143-3 Canola-Based Epoxy Resins for Bio-Based Plastic Composites.

See more from this Division: U.S. Canola Association Research Conference
See more from this Session: Symposium--Canola End Uses Biofuels/Bio-Based Products
Tuesday, November 2, 2010: 3:45 PM
Long Beach Convention Center, Room 201A, Second Floor
Share |

Judith D. Espinoza-Perez, Dennis Wiesenborn, Chad A. Ulven and Cole R. Gustafson, North Dakota State University, Fargo, ND
Due to the world’s current high dependence on petroleum-based products and their negative environmental impact, alternative and economically competitive products from renewable sources are desirable. Vegetable oils are a renewable source for the production of oleochemicals. Currently, canola-oil based resins are not commercially available. This research group has established a lab-scale process to produce canola resins. A canola oil-based epoxy resin was produced and characterized, and proposed as an alternative to soybean oil-based epoxy resin. Canola oil was epoxidized in a solvent-free process, with peracetic acid and a heterogeneous catalyst. The catalyst is readily recovered and reused, unlike the liquid acid catalysts traditionally used. Processing conditions achieved a 98.5% conversion. The produced resin was applied in the preparation of fiber-reinforced composites. These composites can be used to create strong, light-weight exterior shields for machinery. High contents (30, 35, and 40%) of the produced canola resin were applied as part of the matrix in the fabrication of E-glass fiber reinforced composites. More flexible but less strong composites were obtained as the initial content of canola oil-based epoxy resin increased. Our current research is focused in the enhancement of the  flexure strength and fiber-matrix adhesion of the composites testing different curing agents. The raw material cost of the canola resin was estimated and compared with a soybean resin. The raw material cost simulation showed that canola resin may actually cost less than soybean resin. The model identified which materials contributed the most to the resin cost, therefore helping to prioritize future research aimed at reducing resin cost.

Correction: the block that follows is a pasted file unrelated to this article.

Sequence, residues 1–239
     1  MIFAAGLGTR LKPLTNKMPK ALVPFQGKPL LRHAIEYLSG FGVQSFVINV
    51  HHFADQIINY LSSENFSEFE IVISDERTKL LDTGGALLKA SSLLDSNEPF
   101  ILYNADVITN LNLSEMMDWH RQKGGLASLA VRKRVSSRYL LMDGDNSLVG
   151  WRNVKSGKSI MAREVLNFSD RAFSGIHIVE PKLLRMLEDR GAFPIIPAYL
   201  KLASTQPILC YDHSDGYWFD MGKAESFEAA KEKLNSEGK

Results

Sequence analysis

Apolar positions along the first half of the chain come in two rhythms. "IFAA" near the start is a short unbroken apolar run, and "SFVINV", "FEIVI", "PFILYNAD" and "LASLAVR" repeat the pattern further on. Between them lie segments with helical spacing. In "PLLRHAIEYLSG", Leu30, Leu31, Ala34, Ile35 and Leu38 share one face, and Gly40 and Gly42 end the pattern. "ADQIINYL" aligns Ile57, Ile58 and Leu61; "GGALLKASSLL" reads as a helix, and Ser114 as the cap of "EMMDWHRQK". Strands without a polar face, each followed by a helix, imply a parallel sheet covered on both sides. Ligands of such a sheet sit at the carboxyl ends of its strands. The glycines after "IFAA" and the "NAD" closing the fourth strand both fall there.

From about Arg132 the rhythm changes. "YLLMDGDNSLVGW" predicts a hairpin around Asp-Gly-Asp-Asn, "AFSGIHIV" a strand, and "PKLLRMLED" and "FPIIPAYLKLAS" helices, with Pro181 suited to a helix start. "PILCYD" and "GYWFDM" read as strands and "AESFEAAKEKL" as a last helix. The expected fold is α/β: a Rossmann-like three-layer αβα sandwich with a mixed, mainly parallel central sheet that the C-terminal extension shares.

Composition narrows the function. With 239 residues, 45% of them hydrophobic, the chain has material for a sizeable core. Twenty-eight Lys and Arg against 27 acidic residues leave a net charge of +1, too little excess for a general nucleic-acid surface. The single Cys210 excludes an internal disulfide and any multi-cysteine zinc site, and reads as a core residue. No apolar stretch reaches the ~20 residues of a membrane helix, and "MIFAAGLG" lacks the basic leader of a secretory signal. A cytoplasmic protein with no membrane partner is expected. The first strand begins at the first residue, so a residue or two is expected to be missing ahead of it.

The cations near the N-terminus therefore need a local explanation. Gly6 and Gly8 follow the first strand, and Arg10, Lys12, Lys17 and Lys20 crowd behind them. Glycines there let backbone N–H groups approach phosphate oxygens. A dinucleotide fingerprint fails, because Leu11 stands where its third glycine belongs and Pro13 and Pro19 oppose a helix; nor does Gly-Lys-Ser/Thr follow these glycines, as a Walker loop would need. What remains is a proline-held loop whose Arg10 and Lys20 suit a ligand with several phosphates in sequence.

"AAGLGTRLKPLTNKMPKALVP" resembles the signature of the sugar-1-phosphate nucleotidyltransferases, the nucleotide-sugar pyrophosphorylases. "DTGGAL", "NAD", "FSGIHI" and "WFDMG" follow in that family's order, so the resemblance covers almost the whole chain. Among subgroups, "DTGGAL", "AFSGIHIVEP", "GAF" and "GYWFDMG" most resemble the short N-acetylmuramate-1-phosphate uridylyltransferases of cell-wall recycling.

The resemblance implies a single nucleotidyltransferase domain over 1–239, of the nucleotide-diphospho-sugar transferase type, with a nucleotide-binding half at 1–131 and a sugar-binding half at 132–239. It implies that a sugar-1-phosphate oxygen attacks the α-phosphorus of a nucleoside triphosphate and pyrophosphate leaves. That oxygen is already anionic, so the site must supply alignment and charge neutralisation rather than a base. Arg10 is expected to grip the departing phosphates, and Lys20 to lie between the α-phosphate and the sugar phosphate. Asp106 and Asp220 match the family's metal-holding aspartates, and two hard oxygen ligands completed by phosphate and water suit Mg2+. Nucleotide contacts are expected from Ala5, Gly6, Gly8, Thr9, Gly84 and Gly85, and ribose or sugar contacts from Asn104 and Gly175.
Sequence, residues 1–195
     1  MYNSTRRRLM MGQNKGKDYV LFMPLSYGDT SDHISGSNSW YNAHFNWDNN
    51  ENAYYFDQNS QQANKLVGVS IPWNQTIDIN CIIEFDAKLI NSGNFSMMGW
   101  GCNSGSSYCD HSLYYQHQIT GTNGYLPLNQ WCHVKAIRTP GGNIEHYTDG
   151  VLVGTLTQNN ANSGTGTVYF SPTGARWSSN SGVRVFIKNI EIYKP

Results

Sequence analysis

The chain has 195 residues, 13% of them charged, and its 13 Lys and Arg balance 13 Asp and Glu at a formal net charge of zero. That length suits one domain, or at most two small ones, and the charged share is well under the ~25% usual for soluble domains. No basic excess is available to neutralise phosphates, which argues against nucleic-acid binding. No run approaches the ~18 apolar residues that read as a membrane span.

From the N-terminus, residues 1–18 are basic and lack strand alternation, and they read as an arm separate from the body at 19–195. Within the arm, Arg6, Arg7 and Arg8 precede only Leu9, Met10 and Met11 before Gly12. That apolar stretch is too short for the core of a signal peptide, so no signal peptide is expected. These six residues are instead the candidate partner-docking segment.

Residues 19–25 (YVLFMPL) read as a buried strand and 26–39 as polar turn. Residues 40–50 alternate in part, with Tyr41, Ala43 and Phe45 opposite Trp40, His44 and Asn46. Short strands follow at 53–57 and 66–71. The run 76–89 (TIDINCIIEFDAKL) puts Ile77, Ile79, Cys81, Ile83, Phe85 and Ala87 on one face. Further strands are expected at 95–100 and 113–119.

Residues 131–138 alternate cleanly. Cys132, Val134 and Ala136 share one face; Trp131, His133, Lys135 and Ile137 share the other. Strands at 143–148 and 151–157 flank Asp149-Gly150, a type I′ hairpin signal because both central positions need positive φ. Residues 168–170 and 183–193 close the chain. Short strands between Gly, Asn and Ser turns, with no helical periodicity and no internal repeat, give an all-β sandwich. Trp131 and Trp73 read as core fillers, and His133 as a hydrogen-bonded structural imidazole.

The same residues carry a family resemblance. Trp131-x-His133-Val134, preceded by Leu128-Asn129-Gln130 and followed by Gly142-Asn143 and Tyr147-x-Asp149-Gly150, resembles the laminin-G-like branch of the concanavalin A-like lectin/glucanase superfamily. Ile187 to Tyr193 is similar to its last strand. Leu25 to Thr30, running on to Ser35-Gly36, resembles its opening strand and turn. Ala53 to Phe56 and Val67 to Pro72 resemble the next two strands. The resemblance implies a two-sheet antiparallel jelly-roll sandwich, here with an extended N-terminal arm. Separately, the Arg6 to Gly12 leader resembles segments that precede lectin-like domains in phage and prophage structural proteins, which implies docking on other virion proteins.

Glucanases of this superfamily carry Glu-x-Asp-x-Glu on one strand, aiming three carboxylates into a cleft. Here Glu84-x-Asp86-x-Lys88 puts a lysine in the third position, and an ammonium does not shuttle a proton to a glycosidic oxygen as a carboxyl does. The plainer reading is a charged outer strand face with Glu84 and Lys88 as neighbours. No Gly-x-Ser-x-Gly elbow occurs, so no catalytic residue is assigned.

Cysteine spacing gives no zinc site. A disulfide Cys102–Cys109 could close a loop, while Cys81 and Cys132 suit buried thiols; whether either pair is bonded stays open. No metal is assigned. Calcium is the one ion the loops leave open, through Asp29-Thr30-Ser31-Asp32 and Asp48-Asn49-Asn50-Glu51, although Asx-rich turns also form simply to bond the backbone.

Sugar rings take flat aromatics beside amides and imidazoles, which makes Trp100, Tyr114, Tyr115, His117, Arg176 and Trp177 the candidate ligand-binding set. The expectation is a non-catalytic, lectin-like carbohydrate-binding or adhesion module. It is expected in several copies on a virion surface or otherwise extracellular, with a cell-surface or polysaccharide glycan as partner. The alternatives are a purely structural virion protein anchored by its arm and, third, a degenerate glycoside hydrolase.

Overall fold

See more from this Division: U.S. Canola Association Research Conference
See more from this Session: Symposium--Canola End Uses Biofuels/Bio-Based Products